Sir: Bill Bryson is one of my favourite authors, but he cannot get away with his piece on passive smoking (Bryson's America, 17 May). It is always difficult to communicate risks, and the number of deaths caused by different exposures are always difficult to estimate. However, exposure to second- hand smoke is far more hazardous than he states. Amongst common conditions it causes are premature births, cot deaths, respiratory illnesses in children, pneumonia and bronchitis in adults, and angina.
Health educators, politicians and journalists choose emotive markers when trying to convey a message about health hazards. Causing cancer of the lung sounds far better than chest illnesses in children or adults - even though the risk and damage to health is far greater.
Comparing the hazards of passive smoking to eating a pork chop or carrots, drinking orange juice or having a pet budgie is also ludicrous - rather like comparing apples and lemons; both fruits , but completely different. Also, the reports of these hazards are based on perhaps one or two studies, some of dubious quality. By contrast, the inhalation of second-hand smoke has been shown by innumerable studies world-wide to be hazardous.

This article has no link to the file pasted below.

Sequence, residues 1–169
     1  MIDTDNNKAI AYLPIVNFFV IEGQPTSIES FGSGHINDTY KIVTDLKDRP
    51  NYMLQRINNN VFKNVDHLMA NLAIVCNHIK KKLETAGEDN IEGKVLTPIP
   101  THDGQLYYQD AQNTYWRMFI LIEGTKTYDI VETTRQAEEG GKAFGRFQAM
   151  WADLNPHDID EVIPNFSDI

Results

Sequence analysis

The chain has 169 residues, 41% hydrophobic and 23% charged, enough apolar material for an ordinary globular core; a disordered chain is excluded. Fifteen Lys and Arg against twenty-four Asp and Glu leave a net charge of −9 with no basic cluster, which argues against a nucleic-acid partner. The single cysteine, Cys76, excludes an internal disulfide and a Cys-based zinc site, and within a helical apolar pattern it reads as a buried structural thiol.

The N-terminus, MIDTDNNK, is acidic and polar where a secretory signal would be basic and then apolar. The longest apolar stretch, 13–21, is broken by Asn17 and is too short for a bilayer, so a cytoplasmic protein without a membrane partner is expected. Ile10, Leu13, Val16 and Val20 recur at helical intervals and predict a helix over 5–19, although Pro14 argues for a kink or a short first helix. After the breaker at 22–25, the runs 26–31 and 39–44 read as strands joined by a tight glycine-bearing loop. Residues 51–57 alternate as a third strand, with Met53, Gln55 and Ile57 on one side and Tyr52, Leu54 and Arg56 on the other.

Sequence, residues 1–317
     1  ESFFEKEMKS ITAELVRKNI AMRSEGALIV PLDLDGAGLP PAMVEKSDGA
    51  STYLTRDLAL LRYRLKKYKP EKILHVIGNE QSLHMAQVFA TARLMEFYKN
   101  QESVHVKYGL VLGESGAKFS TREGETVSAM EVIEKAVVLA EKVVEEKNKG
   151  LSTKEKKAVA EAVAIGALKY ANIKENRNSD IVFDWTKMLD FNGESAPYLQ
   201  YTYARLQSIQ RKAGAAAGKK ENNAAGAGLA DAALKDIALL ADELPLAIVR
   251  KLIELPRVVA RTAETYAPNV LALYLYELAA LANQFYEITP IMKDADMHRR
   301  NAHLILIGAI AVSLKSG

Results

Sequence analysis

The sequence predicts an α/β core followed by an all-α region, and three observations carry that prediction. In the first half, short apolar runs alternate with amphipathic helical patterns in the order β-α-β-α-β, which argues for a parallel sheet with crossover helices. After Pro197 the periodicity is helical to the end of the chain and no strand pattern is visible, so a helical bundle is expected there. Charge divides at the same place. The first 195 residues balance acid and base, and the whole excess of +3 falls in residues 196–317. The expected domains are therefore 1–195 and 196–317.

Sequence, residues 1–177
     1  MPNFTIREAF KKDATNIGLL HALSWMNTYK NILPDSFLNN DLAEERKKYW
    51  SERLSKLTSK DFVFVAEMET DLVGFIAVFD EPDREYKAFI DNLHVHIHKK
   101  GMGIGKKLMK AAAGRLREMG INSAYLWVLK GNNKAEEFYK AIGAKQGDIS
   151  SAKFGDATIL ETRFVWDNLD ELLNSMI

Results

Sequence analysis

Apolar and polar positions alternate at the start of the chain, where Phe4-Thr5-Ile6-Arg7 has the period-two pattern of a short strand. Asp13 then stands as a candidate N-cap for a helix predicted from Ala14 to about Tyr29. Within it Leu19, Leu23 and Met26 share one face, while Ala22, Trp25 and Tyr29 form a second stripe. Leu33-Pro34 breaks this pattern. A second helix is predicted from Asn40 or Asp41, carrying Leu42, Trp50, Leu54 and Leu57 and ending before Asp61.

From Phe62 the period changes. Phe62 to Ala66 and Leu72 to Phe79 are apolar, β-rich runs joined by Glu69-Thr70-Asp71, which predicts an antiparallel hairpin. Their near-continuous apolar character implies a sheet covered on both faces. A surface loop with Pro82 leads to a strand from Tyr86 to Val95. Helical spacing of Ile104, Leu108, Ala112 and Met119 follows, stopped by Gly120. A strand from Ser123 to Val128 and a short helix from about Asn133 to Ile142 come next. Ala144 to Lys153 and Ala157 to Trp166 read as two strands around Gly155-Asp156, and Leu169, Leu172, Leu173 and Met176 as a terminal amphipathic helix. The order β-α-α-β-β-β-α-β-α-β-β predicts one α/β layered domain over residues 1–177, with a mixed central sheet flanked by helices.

Emeritus Professor of Public Health Medicine, United Medical and Dental Schools of Guy's and St Thomas' Hospitals
Richmond, SurreyReuse content